SHREWSBURY – Come Friday, Shrewsbury residents will no longer be required to wear face coverings in public places.
The Shrewsbury Board of Health unanimously voted to rescind their order during their meeting on Tuesday.
“I think the time has come to give people a dividend, and especially in your town where they have been so compliant with vaccination,” said Worcester’s Medical Director Michael Hirsh who was in attendance at the meeting.
As the town mandate will lapse, masks will still be required in schools. The board plans to revisit that matter during their March 4 meeting, noting a potential for more cases following this month’s February vacation.
Shrewsbury joins other communities
The Board of Health approved its mask mandate in early October — a move that other local municipalities followed last month following a surge of COVID-19 cases.
Communities have been discussing lifting those mandates in recent days and weeks.
Among those, nearby Worcester also anticipates lifting its mask mandate on Feb. 18, pending a Board of Health vote on Feb. 16.
Grafton, Marlborough, Northborough, Southborough and Westborough all voted to remove their mandates last week.
Hirsh said Shrewsbury’s local case numbers were “steadily plummeting.”
At its peak, the town reported over 1,400 cases between Jan. 2 to Jan. 15. Just under a month later, the town reported 82 positive COVID-19 cases between Feb. 4 to Feb. 11.
Hirsh said that Shrewsbury has the highest vaccination rates among all of the municipalities in the Central Massachusetts Regional Public Health Alliance — which also includes Worcester, Grafton, Millbury and West Boylston.
Hirsh’s presentation indicated that 79% of Shrewsbury residents are fully vaccinated.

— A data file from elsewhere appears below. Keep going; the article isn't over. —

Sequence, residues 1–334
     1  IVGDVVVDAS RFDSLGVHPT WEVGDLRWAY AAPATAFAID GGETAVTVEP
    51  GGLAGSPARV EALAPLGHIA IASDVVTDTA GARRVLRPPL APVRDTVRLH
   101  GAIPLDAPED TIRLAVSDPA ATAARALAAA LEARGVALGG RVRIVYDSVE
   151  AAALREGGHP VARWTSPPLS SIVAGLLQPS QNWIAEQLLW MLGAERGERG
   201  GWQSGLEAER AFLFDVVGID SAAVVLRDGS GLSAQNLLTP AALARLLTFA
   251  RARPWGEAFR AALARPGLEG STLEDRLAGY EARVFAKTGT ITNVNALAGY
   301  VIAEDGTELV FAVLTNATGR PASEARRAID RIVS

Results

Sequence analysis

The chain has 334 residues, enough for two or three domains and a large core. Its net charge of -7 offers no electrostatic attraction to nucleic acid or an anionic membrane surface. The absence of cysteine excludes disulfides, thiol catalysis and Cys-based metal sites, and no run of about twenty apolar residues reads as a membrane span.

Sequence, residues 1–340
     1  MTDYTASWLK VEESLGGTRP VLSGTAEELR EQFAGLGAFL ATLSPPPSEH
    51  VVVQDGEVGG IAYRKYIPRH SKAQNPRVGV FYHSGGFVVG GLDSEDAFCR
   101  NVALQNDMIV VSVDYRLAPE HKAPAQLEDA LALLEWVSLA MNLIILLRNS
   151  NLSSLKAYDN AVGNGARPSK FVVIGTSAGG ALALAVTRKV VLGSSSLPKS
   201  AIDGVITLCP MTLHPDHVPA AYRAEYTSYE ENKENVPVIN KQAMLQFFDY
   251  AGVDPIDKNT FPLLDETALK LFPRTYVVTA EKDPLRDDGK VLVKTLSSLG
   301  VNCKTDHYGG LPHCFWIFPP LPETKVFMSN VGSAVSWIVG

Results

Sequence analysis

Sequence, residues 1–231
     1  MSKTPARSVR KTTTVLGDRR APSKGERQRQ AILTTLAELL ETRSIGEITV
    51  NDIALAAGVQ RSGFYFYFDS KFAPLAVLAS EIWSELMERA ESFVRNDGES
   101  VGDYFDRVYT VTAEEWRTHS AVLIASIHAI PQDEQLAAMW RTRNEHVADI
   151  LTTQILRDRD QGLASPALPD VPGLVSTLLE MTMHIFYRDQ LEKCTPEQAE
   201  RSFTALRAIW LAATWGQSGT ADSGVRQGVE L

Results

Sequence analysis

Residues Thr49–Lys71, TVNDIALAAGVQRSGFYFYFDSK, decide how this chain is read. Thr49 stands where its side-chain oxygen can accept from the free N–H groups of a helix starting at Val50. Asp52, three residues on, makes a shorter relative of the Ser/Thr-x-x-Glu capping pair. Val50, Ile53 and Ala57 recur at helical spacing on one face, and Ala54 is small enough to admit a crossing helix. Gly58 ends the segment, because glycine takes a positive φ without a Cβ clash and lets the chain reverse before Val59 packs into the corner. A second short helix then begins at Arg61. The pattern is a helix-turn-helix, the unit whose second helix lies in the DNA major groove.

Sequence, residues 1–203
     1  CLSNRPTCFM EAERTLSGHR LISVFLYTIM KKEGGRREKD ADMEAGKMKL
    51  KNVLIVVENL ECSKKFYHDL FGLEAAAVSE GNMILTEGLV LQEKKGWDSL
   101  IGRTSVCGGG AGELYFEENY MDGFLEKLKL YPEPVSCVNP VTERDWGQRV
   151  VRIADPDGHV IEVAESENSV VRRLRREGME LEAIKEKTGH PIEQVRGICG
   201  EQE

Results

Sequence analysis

Official talks impacts of mandate
Speaking on Tuesday, Hirsh discussed the impacts of a lingering mandate on businesses and schools.
Businesses, he said, suffer when people go elsewhere to shop, dine or seek entertainment because of such requirements.
“The business concerns are not, obviously, my concern, I’m not a business person,” Hirsh said. “But I think that one of the things that I’ve learned about public health is you can’t take the public out of the public health.”
He also discussed mental health impacts of masks, noting that Worcester Mayor Joseph Petty’s mental health task force has found that students are feeling isolated, which has led to self harm, violence and struggles to advance academically.
Hirsh said the Health Department will have to monitor several things, such as any future variants and any trends in the number of cases, particularly following recent decisions to lift mask mandates.
“We also want to emphasize that the recision doesn’t mean we don’t want people to not wear masks,” Hirsh said.
People who are immunocompromised, over the age of 75 and anyone who feels more comfortable wearing a mask should be allowed to wear masks, he said.
People shouldn’t throw away their masks, Hirsh added.
“I think that, come the winter we will definitely — in the winter of 2022 to 2023 — probably see a rise again in cases,” he said.
Hirsh encouraged community members to get vaccinated and boosted as one of several tools to promote public health moving forward.